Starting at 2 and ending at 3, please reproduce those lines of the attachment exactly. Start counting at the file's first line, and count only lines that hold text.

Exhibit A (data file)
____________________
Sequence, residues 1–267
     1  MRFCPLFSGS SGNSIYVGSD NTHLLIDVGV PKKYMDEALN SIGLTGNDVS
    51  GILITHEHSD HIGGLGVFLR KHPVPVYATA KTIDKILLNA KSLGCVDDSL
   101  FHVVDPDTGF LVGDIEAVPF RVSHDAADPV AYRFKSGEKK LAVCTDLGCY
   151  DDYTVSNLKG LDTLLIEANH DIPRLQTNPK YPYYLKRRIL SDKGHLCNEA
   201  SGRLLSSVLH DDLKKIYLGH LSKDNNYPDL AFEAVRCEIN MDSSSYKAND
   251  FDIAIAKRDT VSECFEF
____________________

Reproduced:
     1  MRFCPLFSGS SGNSIYVGSD NTHLLIDVGV PKKYMDEALN SIGLTGNDVS
    51  GILITHEHSD HIGGLGVFLR KHPVPVYATA KTIDKILLNA KSLGCVDDSL